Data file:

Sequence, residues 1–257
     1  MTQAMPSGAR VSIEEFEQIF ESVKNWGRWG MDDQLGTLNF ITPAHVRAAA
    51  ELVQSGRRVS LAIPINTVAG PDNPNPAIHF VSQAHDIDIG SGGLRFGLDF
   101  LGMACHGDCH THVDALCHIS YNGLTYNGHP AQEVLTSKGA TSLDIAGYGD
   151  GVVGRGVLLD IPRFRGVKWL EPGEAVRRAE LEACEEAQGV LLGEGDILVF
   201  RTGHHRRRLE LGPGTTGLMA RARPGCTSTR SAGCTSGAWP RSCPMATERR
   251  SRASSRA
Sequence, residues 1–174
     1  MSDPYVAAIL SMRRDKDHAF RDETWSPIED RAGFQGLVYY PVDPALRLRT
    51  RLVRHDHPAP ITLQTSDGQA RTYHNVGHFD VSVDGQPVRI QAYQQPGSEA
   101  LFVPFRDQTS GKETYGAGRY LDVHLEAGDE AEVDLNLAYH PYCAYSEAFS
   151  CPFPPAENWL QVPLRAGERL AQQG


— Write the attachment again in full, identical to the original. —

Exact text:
Sequence, residues 1–257
     1  MTQAMPSGAR VSIEEFEQIF ESVKNWGRWG MDDQLGTLNF ITPAHVRAAA
    51  ELVQSGRRVS LAIPINTVAG PDNPNPAIHF VSQAHDIDIG SGGLRFGLDF
   101  LGMACHGDCH THVDALCHIS YNGLTYNGHP AQEVLTSKGA TSLDIAGYGD
   151  GVVGRGVLLD IPRFRGVKWL EPGEAVRRAE LEACEEAQGV LLGEGDILVF
   201  RTGHHRRRLE LGPGTTGLMA RARPGCTSTR SAGCTSGAWP RSCPMATERR
   251  SRASSRA
Sequence, residues 1–174
     1  MSDPYVAAIL SMRRDKDHAF RDETWSPIED RAGFQGLVYY PVDPALRLRT
    51  RLVRHDHPAP ITLQTSDGQA RTYHNVGHFD VSVDGQPVRI QAYQQPGSEA
   101  LFVPFRDQTS GKETYGAGRY LDVHLEAGDE AEVDLNLAYH PYCAYSEAFS
   151  CPFPPAENWL QVPLRAGERL AQQG